“Aw. Don’t beat yourself up. I know it’s frustrating. You decided you wanted something and now you can’t see anything else.” Man, did I know how that felt. But I also knew that life could go on through waiting. Even when the wait was indefinite.

At least she didn’t have to do the waiting alone.

I stopped myself from saying that, afraid it would come out bitter, and it wasn’t her I was bitter at. “It’s going to take time. Didn’t the doctor say it might be a year before your reproductive system was reset?”

Her head still down, she let out another muffled groan edged with an exaggerated sob.

“I’m not saying it will take that long. Just…be patient.” Easier said than done. I knew that. “Meanwhile, keep trying. Have as much fun as you can being a newlywed.”

She sat up abruptly, her brown hair flying from the movement. “Oh, believe me, we’re trying. All. The. Time.” She waggled her brows and her suddenly upbeat tone suggested she was next going to erupt into a sordid tale from her insanely abundant sex life.

Her stories had only recently begun to induce a streak of envy that blazed hot and fierce inside me, but I refused to let her know. Once they brought to mind vivid memories of my own—of the man I was waiting for, of the way he and I had been whenever we were together. I’d liked those memories. They’d given me something to hold onto. Something to look forward to.

Now they only reminded me of what I didn’t have.

But I forced an encouraging smile, preferring her spicy talk to her baby disappointment. “Please, Laynie. Don’t act as if you’re doing it any more than you were when you weren’t trying. You two have sex drives that are insatiable.”

She grinned. “It’s H. He can go forever. This morning, he woke me up before five, and he still was only half dressed when his driver rang the bell at a quarter to eight. The Pierce stamina…I tell you…”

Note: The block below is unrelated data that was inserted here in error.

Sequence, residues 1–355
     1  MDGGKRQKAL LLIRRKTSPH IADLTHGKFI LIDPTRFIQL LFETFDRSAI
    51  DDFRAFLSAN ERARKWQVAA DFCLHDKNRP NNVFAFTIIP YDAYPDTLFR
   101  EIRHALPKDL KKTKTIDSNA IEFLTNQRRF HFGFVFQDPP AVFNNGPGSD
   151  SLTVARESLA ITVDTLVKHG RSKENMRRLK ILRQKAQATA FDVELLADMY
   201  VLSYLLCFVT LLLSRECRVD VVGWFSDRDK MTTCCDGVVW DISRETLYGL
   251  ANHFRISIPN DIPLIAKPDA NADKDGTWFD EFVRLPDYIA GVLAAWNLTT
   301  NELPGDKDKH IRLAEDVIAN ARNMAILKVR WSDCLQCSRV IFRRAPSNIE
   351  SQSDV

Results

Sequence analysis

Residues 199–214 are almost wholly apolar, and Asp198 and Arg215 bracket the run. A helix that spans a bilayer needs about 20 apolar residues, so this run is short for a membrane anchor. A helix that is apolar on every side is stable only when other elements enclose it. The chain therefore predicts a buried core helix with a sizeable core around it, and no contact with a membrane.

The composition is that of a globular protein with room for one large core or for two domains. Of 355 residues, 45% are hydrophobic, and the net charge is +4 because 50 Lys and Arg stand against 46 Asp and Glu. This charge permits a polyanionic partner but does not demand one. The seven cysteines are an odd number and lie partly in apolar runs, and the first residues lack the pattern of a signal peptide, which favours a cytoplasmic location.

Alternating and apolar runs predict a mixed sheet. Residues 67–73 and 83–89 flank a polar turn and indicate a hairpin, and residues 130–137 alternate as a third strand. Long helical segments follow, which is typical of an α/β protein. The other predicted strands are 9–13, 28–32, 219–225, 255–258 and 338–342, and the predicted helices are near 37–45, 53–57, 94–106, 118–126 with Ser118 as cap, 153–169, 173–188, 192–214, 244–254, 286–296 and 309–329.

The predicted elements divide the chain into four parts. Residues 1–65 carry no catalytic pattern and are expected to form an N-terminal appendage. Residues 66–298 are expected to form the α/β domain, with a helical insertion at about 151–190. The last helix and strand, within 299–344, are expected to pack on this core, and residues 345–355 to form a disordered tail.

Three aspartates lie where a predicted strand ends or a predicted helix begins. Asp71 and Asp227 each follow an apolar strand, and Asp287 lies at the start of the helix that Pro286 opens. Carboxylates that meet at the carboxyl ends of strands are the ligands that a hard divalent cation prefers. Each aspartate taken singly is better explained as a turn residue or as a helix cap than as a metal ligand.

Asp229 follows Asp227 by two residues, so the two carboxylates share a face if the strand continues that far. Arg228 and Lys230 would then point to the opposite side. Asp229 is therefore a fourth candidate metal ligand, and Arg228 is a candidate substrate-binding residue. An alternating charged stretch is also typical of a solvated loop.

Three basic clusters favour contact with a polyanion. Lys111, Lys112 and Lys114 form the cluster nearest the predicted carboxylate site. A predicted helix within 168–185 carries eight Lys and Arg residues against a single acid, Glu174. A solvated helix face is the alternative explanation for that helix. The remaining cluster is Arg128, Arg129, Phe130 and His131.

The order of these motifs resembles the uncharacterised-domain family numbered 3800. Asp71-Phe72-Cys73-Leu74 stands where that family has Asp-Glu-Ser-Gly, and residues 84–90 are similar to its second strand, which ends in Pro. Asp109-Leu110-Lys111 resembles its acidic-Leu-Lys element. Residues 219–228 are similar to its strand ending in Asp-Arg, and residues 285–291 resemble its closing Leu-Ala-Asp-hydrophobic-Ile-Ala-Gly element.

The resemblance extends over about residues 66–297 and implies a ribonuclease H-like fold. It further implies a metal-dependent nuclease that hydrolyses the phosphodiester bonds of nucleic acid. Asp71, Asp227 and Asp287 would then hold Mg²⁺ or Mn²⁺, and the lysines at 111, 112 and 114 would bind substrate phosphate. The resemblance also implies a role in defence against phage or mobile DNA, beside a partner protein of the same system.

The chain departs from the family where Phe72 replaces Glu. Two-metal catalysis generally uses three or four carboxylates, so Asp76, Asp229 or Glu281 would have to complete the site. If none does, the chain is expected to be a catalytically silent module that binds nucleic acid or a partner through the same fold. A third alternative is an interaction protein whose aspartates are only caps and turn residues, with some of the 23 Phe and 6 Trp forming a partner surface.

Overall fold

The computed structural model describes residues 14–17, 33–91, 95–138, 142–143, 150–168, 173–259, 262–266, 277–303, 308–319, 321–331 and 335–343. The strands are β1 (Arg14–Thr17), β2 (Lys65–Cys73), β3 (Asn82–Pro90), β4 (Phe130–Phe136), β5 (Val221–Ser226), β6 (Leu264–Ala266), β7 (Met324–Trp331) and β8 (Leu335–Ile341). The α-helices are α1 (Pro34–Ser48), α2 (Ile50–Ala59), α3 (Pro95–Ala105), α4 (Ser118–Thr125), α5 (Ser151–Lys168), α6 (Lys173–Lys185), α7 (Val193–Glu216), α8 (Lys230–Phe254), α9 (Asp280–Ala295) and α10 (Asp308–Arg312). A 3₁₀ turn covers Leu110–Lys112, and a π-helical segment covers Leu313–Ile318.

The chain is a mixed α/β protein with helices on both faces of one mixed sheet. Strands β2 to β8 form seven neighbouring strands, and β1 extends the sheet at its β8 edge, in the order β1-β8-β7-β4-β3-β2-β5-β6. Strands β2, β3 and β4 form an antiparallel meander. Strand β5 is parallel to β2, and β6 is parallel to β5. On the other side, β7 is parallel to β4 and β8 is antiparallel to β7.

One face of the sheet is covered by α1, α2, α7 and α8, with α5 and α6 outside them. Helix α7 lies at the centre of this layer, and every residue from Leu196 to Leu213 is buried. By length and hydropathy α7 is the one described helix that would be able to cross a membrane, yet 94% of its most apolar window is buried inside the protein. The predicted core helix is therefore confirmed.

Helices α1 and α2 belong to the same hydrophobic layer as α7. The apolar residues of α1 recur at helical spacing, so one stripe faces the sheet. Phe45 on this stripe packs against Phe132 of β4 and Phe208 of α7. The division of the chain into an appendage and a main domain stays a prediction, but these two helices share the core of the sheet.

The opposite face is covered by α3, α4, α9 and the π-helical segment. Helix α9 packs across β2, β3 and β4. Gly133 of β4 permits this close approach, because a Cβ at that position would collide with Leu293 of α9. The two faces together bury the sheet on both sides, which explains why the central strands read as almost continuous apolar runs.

“No, don’t. I can barely look at him with all I know as it is.”

“I’m just saying I bet there’s a cousin or something we could fix you up with.” She winked.

It was my turn to groan. “Please, no.” As for Pierce stamina, I had a feeling it was more Hudson stamina. I certainly hadn’t found my own Pierce lover to be able to go very long. Though, perhaps that was just because of their differences in age.

And that little extracurricular arrangement was not one I was sharing with anyone, least of all my coworker. It was embarrassing and wrong—on so many levels, not just because of the years between he and me. I was sure Laynie and I were close enough friends that she wouldn’t judge or scold, but still. I felt guilty. As I should. I should feel every rotten feeling from shame to disgust to remorse.

Laynie would tell me I was being ridiculous. She’d said before that I couldn’t waste my life away waiting for someone who had obviously flat-out disappeared. And maybe a part of me agreed. Maybe that was why I’d let that other Pierce work his way into my life. Into my bed.

But I hadn’t let him anywhere near my heart, because no matter how much time had passed, it belonged to someone else.

“Fine. No setting you up with Hudson’s family. As soon as you say the word, though, I’m fixing you up with someone. Just let me know when you’re ready.”

I chewed on my bottom lip and gave her a tight, “Mmhmm,” pretending to be distracted with what was on my screen. Thank goodness she couldn’t view it from where she sat or she’d see that I was staring at the desktop. It wasn’t that I didn’t want to discuss the topic, necessarily. I just didn’t know what else to say to her. “Don’t bother, I’m hopeless,” would only urge her to convince me otherwise. And I didn’t want convincing. Because as far as I was concerned, I’d never be ready.